We saw a bit of a run of quarterbacks on Day 2 of the 2022 NFL Draft after Kenny Pickett became the only quarterback to come off the board during Round 1. There’s a good chance we could see several signal-callers selected by teams once more in the final day of the event.
Here’s a look into each quarterback who got drafted on Day 2 and how they fit into their teams:
- Desmond Ridder, Cincinnati – Atlanta Falcons, No. 74
Ridder has been praised for his football IQ and Head Coach Arthur Smith runs a complicated scheme, so this is a match made in heaven on that particular note. There’s also a good chance the Falcons also make use of the underrated athleticism Ridder fully showcased at the 2022 NFL Scouting Combine when he recorded a 4.52-second 40-yard dash time. I asked Ridder in an interview ahead of the Draft about how he could potentially be a Marcus Mariota type of quarterback if put in the right situation to do so and he seemed to see the similarities to the quarterback with which he now shares a room.
“If we ran a no-huddle, up-tempo offense, I think people might see me (like Marcus Mariota),” Ridder said. “I’ve looked at Marcus Mariota ever since I was growing up watching him at Oregon and watching him win the Heisman and having an NFL career. It’s been fun seeing someone who kind of has body-type similarities to me have success.”
It will be interesting to see how this pans out but the Falcons as getting a signal-caller with arguably the highest level of foundational traits in this draft class.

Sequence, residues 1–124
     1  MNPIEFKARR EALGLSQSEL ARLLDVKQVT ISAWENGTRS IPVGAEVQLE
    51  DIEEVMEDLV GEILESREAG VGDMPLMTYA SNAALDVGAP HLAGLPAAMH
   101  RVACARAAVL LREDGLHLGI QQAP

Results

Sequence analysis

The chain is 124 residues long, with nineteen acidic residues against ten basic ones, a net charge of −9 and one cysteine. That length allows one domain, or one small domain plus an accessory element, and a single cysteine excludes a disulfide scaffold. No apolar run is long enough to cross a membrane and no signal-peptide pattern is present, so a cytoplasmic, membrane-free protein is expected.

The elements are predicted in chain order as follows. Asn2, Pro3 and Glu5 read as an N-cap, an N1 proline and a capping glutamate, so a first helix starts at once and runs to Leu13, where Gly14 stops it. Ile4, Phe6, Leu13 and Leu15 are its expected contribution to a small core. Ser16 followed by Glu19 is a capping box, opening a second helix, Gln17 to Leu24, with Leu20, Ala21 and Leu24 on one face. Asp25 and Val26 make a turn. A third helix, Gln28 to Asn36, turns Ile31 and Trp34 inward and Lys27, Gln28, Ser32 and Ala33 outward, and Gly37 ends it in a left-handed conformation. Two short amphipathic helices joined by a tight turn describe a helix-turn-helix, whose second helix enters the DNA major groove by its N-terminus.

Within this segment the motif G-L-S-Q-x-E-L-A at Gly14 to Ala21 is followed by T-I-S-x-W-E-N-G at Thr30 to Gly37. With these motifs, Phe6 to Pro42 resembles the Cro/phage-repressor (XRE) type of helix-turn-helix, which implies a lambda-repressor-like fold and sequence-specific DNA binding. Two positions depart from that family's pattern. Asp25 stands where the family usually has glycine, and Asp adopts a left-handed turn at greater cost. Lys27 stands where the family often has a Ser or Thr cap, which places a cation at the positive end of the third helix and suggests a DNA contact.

- Malik Willis, Liberty – Tennessee Titans, No. 86
So many of us thought that Willis would be a first-rounder, taken between picks 2-6. That wasn’t at all the case as the former Flames signal-caller fell all the way to the third round. This truly is a phenomenal thing for the Titans, though.
The team gains a quarterback with a sky-high ceiling. If he hits it, he will quickly become one of the best quarterbacks in the league. But this is the note to be made about Willis: he is a one of two extremes type of player. There does not seem to be a middle ground for him. He will either achieve what some believe he can or go bust quickly. This is definitely a quarterback the Titans can use running play-action and designed quarterback runs if desired. Quarterback Ryan Tannehill had a lackluster year in 2021 and if he continues that type of play, Willis could push him. For now, he projects as a promising backup with tremendous starting potential if he becomes what some think he can be.
- Matt Corral, Ole Miss – Carolina Panthers, No. 94
Corral didn’t receive as much attention as some of the other quarterbacks did during the pre-draft process because he didn’t meet the eligibility criteria to be included in the Senior Bowl and he elected not to throw at the combine after being affected by a lower-body injury from the Sugar Bowl.
With a team that is lacking overall at quarterback, Corral brings a high level of arm strength, much-improved year-over-year accuracy and decision-making, and a tough type of get-it-done mobility. This is a signal-caller with a wide skillset who should be able to fit well and make a name for himself in Carolina.
Corral told me a day ahead of him being drafted that he wouldn’t exactly consider himself underrated but that he didn’t get a chance to show off his abilities the same way as some of the other prospects due to extenuating circumstances. It’s prove-it time and Corral has shown he has the potential to do just that.
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